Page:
Spring marks the beginning of boat season for many. So whether you are getting your boat out of storage or making plans for the warmer weather ahead, here are some key things to remember.
1. Build out your “boat list” in advance — Keep a running list of things that you need to do on your boat and schedule that maintenance and those repairs or upgrades proactively. Some fixes and upgrades are seasonal, some are cyclical and some are occasional. But having a plan for how you want to tackle the work that needs to be done to keep your boat in good shape will help you keep its value and maximize your pleasure in getting out on the water — and often with fewer costly surprises as well.
2. Do a thorough engine and systems check and a test run before you take your boat out for its first big trips of the season – So many boaters end up with having major repairs or getting stranded unexpectedly if they don’t check things out before they’re hitting the water for long periods of time. Staying on top of what is happening with your boat – on-season and off — is key.
Keep this checklist in mind for your spring maintenance.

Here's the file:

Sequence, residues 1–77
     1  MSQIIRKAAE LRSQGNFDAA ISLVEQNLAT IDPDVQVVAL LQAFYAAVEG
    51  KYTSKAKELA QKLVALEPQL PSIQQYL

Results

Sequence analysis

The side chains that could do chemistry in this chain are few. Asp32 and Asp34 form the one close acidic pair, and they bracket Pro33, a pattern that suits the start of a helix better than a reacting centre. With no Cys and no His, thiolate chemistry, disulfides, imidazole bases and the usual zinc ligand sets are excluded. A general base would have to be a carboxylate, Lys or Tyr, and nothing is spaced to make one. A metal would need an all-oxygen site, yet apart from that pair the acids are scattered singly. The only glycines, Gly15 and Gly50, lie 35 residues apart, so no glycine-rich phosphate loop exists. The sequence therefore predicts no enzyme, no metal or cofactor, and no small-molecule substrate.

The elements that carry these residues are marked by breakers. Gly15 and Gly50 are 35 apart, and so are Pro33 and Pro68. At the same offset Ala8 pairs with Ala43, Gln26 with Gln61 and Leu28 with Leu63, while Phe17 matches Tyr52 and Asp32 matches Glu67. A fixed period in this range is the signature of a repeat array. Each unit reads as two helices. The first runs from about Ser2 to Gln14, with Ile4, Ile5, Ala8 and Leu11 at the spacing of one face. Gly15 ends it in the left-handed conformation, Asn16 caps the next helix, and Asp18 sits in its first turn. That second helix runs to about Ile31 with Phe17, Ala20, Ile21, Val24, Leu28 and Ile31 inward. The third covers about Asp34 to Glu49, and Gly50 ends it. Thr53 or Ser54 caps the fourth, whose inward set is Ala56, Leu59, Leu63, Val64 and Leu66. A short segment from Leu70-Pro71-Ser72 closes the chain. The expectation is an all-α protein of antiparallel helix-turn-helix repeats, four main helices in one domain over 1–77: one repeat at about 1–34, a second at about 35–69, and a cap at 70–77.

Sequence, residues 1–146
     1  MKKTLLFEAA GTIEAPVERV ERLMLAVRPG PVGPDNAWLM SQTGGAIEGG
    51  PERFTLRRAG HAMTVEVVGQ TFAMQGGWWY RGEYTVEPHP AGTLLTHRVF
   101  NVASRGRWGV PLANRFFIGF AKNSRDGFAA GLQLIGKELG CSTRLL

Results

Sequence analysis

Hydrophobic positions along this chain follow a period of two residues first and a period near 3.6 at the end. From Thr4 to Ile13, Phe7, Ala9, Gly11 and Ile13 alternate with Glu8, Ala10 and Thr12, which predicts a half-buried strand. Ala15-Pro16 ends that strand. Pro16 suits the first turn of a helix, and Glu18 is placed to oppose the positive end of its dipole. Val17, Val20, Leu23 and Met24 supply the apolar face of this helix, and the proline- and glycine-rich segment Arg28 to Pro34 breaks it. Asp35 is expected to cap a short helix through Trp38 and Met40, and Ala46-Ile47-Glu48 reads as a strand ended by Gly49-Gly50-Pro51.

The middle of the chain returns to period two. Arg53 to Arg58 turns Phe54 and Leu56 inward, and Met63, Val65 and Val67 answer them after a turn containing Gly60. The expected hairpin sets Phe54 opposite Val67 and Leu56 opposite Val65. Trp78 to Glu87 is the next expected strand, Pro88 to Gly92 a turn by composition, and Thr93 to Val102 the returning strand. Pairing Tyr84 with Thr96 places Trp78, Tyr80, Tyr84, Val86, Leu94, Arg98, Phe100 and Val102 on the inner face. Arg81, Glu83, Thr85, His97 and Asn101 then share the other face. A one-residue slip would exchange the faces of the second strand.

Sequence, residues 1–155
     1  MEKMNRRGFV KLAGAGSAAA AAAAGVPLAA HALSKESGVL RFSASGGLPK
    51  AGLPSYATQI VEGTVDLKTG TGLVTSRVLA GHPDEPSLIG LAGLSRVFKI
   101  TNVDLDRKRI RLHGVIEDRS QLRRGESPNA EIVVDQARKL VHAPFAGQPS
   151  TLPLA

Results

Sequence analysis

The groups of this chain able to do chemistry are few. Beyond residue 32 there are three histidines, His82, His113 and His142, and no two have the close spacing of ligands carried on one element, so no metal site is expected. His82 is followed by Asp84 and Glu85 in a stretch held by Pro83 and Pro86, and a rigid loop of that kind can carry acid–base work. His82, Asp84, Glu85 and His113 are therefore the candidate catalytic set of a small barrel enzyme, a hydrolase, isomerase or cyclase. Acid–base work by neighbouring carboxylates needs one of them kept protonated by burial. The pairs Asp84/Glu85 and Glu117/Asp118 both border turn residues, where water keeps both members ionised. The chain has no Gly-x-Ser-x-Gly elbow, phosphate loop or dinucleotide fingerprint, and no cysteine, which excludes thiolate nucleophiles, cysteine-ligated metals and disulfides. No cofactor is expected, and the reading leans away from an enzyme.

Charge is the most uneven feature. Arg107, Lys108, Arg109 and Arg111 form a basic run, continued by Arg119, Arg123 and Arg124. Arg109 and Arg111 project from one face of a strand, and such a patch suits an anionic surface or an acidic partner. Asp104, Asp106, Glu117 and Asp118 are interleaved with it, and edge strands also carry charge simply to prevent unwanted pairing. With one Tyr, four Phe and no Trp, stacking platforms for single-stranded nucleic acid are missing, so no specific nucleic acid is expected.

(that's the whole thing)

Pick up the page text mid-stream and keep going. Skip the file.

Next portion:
- Change the oil.
- Replace fuel filter and water separator and inspect coolant levels.
- Check batteries and confirm that connections are secure.
- Check all zincs on hull and running gear
- Inspect all hoses and hose clamps.
- Check shaft log and rudder packing for leaks.
- Clean and polish exterior.
- Inventory and inspect safety equipment – check dates on flares and fire extinguishers.
- Check operation of bilge pumps.
- Check electrical connections for corrosion – including shore power cord.
- Check communications and navigational equipment and lights.
3. Have a back up plan for your onboard communications equipment – So many people are such steady smartphone and computer users that they forget the importance of including a back up plan for their onboard communications equipment. Or they try and rely too heavily on spotty cell reception and uneven Wi-Fi access while out on open water. Don’t get caught in a dangerous situation – for you or your boat – with communications or navigational equipment that is in sub-par condition. Letting people know what you are up to from time to time while you are underway is also key. Staying prepared and in contact helps ensure that you can get help if and when you need it most.